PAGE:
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Dr. Dre’s “Detox” Is A Lose-Lose Situation

Submitted by on May 9, 2010 – 2:06 pm12 Comments

Remember when Dr. Dre had the internet going nuts with the announcement that the lead single from the ridiculously long awaited swan song Detox was to be “Under Pressure” featuring Jay-Z? How many of us really believed it was going to drop? Even with the picture of Jay-Z and Dre in the studio, most have simply chalked Detox up to be a myth and a cruel joke. But what if Detox really does come out this year? Sure, it’s been in the works since 2000 (and been rumored to be released every year since then), but perhaps this time it will finally see the light of day.

Okay, now that I’ve stopped laughing, let’s get to the meat and potatoes of this.

Releasing “Detox” is a lose-lose situation for Dr. Dre.

Dr. Dre will always be known as the super producer who redefined the West Coast with N.W.A., for his solo album The Chronic, and for birthing the infamous Death Row Records. He’ll also be remembered for signing notable artists in his later years such as Eminem and 50 Cent to his Aftermath imprint. Although not as groundbreaking as his debut, 2001 is still regarded as an excellent album.

Ten years have passed since then and every single year there is talk that Detox is coming.  We are teased with rumored songs and guest appearances to the point that Detox has reached mythological levels, paralleling the Loch Ness Monster or a bigfoot. Most of us who’ve been waiting for this album are numb to the feeling. That’s not to say there won’t be some excitement if and when the album gets a concrete release date. But perhaps the overall feeling will be a sigh of “finally.”

And seriously, what’s the point? There are kids today who aren’t particularly familiar with Dre’s legendary portfolio of music. They may know who he is, but their connection with Andre Young is not even close to those of us who were impacted by the good doctor’s work.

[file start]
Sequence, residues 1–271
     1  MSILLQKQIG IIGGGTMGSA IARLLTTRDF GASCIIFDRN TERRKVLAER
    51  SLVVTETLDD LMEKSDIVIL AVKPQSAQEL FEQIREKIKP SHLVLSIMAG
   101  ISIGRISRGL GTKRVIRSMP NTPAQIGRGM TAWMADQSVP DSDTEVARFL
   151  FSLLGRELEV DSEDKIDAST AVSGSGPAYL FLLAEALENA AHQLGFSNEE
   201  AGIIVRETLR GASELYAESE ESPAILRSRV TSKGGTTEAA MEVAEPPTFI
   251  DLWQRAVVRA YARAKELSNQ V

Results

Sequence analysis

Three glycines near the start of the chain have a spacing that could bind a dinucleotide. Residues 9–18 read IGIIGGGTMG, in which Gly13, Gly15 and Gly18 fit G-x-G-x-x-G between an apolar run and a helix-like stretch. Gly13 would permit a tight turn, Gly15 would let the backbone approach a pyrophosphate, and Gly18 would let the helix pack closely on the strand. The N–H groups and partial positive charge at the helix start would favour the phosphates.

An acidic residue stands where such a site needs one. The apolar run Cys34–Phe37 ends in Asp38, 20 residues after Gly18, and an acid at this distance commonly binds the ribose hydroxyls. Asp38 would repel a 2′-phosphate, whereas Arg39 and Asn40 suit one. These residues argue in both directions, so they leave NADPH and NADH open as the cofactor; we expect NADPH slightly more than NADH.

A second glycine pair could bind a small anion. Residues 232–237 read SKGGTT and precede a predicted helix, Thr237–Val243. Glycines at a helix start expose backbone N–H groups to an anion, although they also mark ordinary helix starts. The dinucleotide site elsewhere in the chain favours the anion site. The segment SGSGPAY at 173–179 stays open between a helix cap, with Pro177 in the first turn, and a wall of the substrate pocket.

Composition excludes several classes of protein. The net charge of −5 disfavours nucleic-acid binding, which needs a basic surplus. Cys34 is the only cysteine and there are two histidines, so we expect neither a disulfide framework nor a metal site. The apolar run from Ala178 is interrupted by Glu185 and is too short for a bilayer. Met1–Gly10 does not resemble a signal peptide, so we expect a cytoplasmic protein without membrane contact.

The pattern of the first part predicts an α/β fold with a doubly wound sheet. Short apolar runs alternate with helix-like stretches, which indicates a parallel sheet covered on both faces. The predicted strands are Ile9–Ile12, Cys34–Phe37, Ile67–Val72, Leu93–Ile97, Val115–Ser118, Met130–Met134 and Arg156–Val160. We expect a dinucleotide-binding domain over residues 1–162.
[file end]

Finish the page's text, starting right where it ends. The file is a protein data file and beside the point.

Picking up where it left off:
As good as Dr. Dre is, it’s increasingly difficult to believe he can release something that lives up to everyone’s lofty expectations with this album. Anything less than a million sold out the gate may be considered a failure. The game has changed so much over the past decade regarding how music is received that actually selling a million albums is far more difficult than it was back when 2001 was initially released. The game may have simply passed Dr. Dre by.

In an interview I did back in 2008 with Dre’s former right hand man for many years, Bruce Williams, we discussed the issues revolving around the release of Detox.

“People are on Dre about Detox and Dre never really wanted to do Detox,” Williams said. “He’s 40-something-years old, what’s he going to talk about? He’s gotta relate to these 13-year-olds buying records. What is he going to talk about? He can’t come out here saying, ‘F*ck the police.’ He can’t keep talking about smoking weed. He’s been there and done all that. Where is there to go now? But it has to be done and he’s going to make sure that sh*t is right before he puts it out.”

It was clear with that statement and when taking a look at all the rumored records that have been recorded for Detox that it just wasn’t right. In Williams’ book Rollin’ With Dre, he mentions the only reason Dre is doing Detox is to fulfill his obligation to Interscope Records chairman Jimmy Iovine.

When I asked if we would have to wait any longer for Detox, Williams said candidly, “If it comes out, I’ll be shocked—and I’ll also know that it has to come out.”

We certainly will be, too. But ultimately, as a fan, I’d rather not see this album released. I’d rather live my life knowing the greatest piece of work may exist in a vault somewhere rather than be disappointed with something which can’t live up to the ridiculous amount of hype.

For me, Detox will forever be the greatest story never told.

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